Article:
"As the authors emphasize, their study gives the therapist an evidence-based perspective on the use of allogeneic stem-cell transplantation in the patient with acute myelogenous leukemia who has entered a chemotherapy-induced remission, always recognizing that these group data may require modification to satisfy the special circumstances of an individual patient," he said.
Dr. Barton A Kamen, chief medical officer at the Leukemia & Lymphoma Society, thinks this study will help doctors develop treatment plans.
"If I find out I have acute myeloid leukemia, I want them to do my cytogenetics and tailor the therapy to fit me and my disease," Kamen said. "This article confirms that."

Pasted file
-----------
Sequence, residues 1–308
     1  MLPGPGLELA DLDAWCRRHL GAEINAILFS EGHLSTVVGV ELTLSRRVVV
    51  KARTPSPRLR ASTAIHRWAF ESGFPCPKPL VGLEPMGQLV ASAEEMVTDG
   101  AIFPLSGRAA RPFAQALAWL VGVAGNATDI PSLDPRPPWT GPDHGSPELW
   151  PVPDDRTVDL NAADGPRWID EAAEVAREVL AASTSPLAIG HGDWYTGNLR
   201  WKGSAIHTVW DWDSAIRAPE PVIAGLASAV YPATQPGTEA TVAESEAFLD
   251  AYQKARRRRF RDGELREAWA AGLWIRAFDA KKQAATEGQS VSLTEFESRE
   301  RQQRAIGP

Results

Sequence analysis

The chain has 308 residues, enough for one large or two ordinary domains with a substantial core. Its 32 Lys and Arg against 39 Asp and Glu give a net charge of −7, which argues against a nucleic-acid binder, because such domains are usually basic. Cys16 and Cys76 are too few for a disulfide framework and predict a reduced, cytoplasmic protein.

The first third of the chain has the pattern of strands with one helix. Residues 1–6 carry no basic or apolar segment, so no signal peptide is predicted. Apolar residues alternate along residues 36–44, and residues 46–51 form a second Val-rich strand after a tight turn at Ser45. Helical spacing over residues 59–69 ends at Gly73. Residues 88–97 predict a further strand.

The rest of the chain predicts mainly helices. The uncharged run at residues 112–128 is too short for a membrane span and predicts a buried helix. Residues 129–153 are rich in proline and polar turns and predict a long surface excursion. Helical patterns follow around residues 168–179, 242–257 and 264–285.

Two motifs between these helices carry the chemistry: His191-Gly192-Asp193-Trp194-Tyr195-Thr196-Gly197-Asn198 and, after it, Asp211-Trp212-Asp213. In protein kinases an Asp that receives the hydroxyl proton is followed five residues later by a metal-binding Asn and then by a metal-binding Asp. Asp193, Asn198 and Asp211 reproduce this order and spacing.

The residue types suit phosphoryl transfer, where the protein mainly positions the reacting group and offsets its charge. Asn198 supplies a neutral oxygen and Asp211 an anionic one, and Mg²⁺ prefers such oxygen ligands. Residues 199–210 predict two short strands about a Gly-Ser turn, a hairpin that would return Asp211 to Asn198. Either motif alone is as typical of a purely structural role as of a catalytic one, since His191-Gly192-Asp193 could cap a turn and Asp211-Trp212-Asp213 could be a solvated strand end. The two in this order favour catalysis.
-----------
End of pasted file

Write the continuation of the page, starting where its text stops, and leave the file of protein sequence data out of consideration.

For more information on acute myeloid leukemia, visit the American Cancer Society.
SOURCES: John Koreth, M.B.B.S., Ph.D., Dana Farber Cancer Institute, Boston; Marshall A. Lichtman, M.D., professor, medicine, biochemistry and biophysics, University of Rochester Medical Center, New York; Barton A. Kamen, M.D., Ph.D., chief medical officer, Leukemia & Lymphoma Society, White Plains, N.Y.; June 10, 2009, Journal of the American Medical Association
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